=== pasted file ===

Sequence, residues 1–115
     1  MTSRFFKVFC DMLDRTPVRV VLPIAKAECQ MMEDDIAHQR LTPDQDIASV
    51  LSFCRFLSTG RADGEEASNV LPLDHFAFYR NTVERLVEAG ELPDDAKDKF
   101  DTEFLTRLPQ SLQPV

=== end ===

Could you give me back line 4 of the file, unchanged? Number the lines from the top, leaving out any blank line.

   101  DTEFLTRLPQ SLQPV